Thursday, July 26, 2012

Shooting the old Springfield Single Shot Bolt

In the good old days we’d head into the woods armed with a .22 rifle, a canteen and a sharp pocket knife.  We’d explore random places, sit atop hills looking off into the distance, trek through thick ramaderos, sit along senderos watching animal crossings and keep an eye out for rattlers.  We’d mosey back to the house for supper and maybe afterwards sit by a small fire watching the stars.  Oftentimes I headed out by myself and in fact I was still in elementary school the first time I roamed the woods on my own.  In my book, Adios to the Brushlands, I write about those days and even though I live in the woods I still think back on those years.

My oldest son and my grandson are visiting right now.  My youngest son is here too.  Of course, my grandson wants to shoot and so I took out an ancient .22 single shot rifle and am letting him target practice to his heart’s content.  Watching him shoot reminds me of those long-gone years in my life.

The rifle is a Springfield single shot bolt action.  Nobody makes a rifle like it anymore.  Winchester and Savage used to make similar rifles.  You insert a cartridge into the chamber and close the bolt and then manually cock the hammer.  The workmanship is superb.  In the old days rifles like that sold for about fifteen dollars each.  Magazines like Boy’s Life had full-page ads featuring those great single-shots and I’d stare at the photos wishing…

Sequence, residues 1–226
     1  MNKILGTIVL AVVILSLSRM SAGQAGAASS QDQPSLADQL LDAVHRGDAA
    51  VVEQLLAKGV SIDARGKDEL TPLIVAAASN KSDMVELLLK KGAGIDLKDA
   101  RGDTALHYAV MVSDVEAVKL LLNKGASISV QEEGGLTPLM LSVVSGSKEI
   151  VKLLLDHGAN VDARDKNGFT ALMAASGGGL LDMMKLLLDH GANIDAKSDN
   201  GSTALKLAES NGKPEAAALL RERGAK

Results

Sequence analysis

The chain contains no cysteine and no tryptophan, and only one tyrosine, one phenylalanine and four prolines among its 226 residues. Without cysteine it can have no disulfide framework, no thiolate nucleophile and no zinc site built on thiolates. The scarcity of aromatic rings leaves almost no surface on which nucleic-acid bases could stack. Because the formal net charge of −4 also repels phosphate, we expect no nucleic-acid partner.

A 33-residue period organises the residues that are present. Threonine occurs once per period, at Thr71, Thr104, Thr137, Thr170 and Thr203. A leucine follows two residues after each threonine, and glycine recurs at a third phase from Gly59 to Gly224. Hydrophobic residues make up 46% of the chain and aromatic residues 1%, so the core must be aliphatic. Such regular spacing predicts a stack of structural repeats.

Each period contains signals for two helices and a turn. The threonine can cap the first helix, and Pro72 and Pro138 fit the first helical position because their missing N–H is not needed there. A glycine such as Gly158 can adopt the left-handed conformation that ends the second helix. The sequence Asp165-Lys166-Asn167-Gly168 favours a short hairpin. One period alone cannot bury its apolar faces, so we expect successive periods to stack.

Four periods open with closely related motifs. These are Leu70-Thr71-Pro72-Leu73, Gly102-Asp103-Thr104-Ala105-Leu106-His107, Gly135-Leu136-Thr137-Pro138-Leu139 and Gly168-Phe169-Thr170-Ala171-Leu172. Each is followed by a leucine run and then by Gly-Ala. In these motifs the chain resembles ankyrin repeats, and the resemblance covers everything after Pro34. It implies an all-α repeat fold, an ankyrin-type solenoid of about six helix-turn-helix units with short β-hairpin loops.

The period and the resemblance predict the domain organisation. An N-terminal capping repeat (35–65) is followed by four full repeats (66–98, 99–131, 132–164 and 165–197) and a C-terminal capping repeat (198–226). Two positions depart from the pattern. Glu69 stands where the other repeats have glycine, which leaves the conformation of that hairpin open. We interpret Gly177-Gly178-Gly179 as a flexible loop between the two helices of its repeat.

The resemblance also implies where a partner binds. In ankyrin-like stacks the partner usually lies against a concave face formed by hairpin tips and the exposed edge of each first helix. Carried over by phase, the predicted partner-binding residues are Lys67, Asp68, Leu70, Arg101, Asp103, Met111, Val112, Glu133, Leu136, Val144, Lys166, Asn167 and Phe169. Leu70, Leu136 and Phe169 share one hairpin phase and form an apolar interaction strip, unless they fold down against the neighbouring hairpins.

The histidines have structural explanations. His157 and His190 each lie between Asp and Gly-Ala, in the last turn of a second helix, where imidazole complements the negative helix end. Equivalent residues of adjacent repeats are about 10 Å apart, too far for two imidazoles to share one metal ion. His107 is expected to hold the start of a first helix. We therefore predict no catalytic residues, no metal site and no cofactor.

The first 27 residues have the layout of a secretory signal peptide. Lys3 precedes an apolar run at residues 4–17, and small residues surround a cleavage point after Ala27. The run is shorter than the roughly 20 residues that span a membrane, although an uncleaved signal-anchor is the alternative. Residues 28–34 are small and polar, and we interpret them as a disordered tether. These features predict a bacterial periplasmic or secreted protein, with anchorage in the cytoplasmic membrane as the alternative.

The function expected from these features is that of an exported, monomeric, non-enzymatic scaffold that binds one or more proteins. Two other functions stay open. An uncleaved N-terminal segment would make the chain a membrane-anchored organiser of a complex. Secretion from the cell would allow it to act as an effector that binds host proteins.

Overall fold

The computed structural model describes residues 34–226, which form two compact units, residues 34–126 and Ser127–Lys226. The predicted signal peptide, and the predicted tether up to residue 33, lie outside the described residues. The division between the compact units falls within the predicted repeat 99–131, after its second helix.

Somebody out there is saying, “They’re currently making a single-shot .22 rifle with a manual cocking bolt….”  Yes, I know but the one I recently examined looked cheaply made.  The butt-stock did not have enough drop-at-comb and to make things worse it had a Monte Carlo comb which makes shooting without a scope nearly impossible.  The bolt looked flimsy; the wood-to-metal fit was poor; the trigger pull was atrocious; the gun just wasn’t of the quality of those old single shot rifles we used to lust after as kids.  The single shot .22 my son and grandson are shooting was made in the 1920s.  The workmanship is of a quality rarely seen anymore.  I bought the rifle for $50 about twelve years ago.  The stock was in bad shape but a little refinishing fixed the dings and scratches.  The bluing is essentially gone but we keep the rifle clean and oiled.  It’s unlikely anyone will ever make a good single-shot rifle like that old Springfield or the great Winchester 67 or the Savage model 3.  Yeah, those were the good old days.